So, I am going to begin the process of being referred to be evaluated by a CI specialist to see exactly how viable it could be (if at all).

Anyway. I have since been doing non-stop research on the current state of CIs and I am proceeding with an abundance of caution. An abundance of caution meaning, if the CI specialist determines I may not be a viable candidate, or has concerns, I won’t do the surgery.

But, there does appear to be very promising results from people who have been profoundly deaf for 20 years without any stimulation whatsoever. I imagine that there’s not much difference between one who hasn’t been stimulated for 20 years vs. one who hasn’t been stimulated for 38 years, the result is the same - zero hearing in the profoundly deaf ear where hearing aids do not help. Anyway. I’m beginning to believe that remarkable results are being achieved as a result of brain plasticity and how it adjusts to the mappings rather than stimulation, based on everything I have read thus far.

Sorry about the ramble. You can see my audiogram attached to this post. The red line was added digitally to more easily illustrate the loss. It shows my right ear thresholds (red line) and my left ear thresholds (below that).


Welcome to the forum.

I do not know the answer to your question about getting hearing back with a CI. I do recommend getting a CI evaluation to find out if you are medically able to have a CI. You sound like you are very mentally able.

Everyone is different about hearing, hearing aids and cochlear implants. Some do better than others.
I am not in your shoes but if I was you and given the go ahead for a CI I would jump on it.

Have you done much reading about CI on this forum? Most but not all have done really well with CI. You are young and have so much in front of you.

Welcome to the forum…

I was in a similar situation as you are. My L ear is profoundly deaf and has been all my life. For me it’s congenital and that’s 70+ yrs now.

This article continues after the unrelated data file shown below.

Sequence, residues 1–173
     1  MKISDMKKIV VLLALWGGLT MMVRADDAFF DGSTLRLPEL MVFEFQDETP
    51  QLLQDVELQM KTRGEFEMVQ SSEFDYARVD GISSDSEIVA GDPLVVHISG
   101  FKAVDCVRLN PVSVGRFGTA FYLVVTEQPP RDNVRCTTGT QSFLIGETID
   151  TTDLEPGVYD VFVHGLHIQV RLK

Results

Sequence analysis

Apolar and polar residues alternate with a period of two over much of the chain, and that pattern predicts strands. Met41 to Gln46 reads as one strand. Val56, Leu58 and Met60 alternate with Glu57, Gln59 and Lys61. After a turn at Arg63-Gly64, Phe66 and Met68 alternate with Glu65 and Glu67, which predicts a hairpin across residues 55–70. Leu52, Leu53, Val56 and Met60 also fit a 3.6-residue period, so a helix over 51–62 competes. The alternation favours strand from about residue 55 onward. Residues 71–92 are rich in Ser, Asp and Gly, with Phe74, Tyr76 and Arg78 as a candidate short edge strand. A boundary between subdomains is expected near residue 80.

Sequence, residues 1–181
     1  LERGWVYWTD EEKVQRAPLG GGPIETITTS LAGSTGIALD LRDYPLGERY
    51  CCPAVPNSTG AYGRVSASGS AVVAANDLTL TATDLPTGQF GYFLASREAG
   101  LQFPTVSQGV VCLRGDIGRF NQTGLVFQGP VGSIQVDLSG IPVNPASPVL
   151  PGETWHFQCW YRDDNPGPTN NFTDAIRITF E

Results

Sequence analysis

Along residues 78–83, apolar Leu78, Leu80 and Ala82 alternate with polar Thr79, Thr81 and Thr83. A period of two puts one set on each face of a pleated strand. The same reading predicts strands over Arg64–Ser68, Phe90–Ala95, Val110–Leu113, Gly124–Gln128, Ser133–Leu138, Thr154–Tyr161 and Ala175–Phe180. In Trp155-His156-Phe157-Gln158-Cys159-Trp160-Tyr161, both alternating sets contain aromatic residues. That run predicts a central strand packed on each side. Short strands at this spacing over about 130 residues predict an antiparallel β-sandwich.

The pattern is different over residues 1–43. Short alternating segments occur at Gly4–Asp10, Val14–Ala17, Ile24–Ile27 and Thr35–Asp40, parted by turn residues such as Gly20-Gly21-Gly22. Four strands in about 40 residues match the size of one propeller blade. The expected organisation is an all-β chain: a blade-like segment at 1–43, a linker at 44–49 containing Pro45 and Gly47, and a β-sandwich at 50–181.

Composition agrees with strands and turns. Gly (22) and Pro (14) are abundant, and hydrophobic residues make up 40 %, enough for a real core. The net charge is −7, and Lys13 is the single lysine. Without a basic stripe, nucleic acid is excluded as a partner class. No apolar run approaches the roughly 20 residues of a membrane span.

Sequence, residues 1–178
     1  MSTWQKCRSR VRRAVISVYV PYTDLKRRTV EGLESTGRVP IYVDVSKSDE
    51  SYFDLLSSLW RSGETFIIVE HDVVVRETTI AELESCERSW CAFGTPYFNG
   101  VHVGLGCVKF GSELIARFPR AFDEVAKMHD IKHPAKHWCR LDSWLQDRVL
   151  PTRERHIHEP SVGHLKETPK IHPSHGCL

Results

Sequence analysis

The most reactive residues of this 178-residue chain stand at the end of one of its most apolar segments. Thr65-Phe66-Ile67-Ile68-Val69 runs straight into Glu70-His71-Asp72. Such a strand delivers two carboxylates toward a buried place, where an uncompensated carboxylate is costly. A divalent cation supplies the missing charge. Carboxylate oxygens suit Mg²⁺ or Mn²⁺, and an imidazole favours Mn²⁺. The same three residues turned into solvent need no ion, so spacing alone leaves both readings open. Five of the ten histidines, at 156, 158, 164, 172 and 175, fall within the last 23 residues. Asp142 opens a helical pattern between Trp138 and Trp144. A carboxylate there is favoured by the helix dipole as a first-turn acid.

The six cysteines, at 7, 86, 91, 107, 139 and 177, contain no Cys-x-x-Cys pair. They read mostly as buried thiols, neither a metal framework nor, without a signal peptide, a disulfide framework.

When I was assessed I wanted my L ear but my surgeon decided to do my right ear instead as it had only been profound for 3 years at the time of my operation. For which I’m eternally grateful, as I now have 94% WRS aided binaural hearing. I don’t regret my decision to have a CI at all. It’s been a journey of discovery all the way.

Be guided by your surgeon, let him/her decide which ear to do, and see where it leads you. Good luck with your assessment and journey back to hearing again…

Thank you very much for your reply, @Raudrive!! I have been reading everything I can get my hands on about Cochlear Implants, this forum, and including recent studies. The recent studies are interesting, showing that they can be effective for people like me who were previously not considered CI candidates. I am still keeping my expectations low in case it turns out the CI specialist instead wants to do my other ear. I have enough hearing in my good ear but my ENT seemed pretty confident with the speculative possibility (and he did say it was speculative) that I could eventually have hearing in my left ear that’s better than my good ear, despite its long-term deafness. Well, we will see what they say. Fingers crossed!